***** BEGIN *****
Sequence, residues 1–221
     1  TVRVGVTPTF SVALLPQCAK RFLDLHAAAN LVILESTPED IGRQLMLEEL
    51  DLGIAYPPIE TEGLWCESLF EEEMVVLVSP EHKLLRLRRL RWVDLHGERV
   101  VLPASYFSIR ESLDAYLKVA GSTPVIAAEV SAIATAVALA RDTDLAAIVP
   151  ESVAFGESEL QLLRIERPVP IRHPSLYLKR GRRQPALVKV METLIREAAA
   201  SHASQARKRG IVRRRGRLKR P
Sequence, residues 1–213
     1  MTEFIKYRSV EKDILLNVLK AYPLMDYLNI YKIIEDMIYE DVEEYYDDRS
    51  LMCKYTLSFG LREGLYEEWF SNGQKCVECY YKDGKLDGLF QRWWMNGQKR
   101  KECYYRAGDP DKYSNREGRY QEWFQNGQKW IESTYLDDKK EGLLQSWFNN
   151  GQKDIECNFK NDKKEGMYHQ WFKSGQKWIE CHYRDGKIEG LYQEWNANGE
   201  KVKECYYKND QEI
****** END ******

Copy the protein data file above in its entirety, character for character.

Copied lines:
Sequence, residues 1–221
     1  TVRVGVTPTF SVALLPQCAK RFLDLHAAAN LVILESTPED IGRQLMLEEL
    51  DLGIAYPPIE TEGLWCESLF EEEMVVLVSP EHKLLRLRRL RWVDLHGERV
   101  VLPASYFSIR ESLDAYLKVA GSTPVIAAEV SAIATAVALA RDTDLAAIVP
   151  ESVAFGESEL QLLRIERPVP IRHPSLYLKR GRRQPALVKV METLIREAAA
   201  SHASQARKRG IVRRRGRLKR P
Sequence, residues 1–213
     1  MTEFIKYRSV EKDILLNVLK AYPLMDYLNI YKIIEDMIYE DVEEYYDDRS
    51  LMCKYTLSFG LREGLYEEWF SNGQKCVECY YKDGKLDGLF QRWWMNGQKR
   101  KECYYRAGDP DKYSNREGRY QEWFQNGQKW IESTYLDDKK EGLLQSWFNN
   151  GQKDIECNFK NDKKEGMYHQ WFKSGQKWIE CHYRDGKIEG LYQEWNANGE
   201  KVKECYYKND QEI